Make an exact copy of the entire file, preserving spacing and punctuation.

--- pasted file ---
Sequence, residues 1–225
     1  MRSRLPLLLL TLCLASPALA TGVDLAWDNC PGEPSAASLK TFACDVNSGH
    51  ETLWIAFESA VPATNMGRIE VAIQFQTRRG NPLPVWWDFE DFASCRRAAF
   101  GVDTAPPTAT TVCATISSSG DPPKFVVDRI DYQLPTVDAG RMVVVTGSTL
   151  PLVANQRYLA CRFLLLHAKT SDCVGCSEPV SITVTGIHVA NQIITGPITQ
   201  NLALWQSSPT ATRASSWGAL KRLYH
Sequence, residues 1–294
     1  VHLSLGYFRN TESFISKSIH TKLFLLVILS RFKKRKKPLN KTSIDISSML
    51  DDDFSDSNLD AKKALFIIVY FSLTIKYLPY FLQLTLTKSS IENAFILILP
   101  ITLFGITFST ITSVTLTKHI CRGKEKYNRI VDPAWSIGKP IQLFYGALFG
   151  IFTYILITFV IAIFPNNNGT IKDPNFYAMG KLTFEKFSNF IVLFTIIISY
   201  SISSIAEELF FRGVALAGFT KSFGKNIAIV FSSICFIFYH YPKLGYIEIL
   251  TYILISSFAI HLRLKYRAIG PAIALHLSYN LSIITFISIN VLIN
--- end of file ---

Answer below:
Sequence, residues 1–225
     1  MRSRLPLLLL TLCLASPALA TGVDLAWDNC PGEPSAASLK TFACDVNSGH
    51  ETLWIAFESA VPATNMGRIE VAIQFQTRRG NPLPVWWDFE DFASCRRAAF
   101  GVDTAPPTAT TVCATISSSG DPPKFVVDRI DYQLPTVDAG RMVVVTGSTL
   151  PLVANQRYLA CRFLLLHAKT SDCVGCSEPV SITVTGIHVA NQIITGPITQ
   201  NLALWQSSPT ATRASSWGAL KRLYH
Sequence, residues 1–294
     1  VHLSLGYFRN TESFISKSIH TKLFLLVILS RFKKRKKPLN KTSIDISSML
    51  DDDFSDSNLD AKKALFIIVY FSLTIKYLPY FLQLTLTKSS IENAFILILP
   101  ITLFGITFST ITSVTLTKHI CRGKEKYNRI VDPAWSIGKP IQLFYGALFG
   151  IFTYILITFV IAIFPNNNGT IKDPNFYAMG KLTFEKFSNF IVLFTIIISY
   201  SISSIAEELF FRGVALAGFT KSFGKNIAIV FSSICFIFYH YPKLGYIEIL
   251  TYILISSFAI HLRLKYRAIG PAIALHLSYN LSIITFISIN VLIN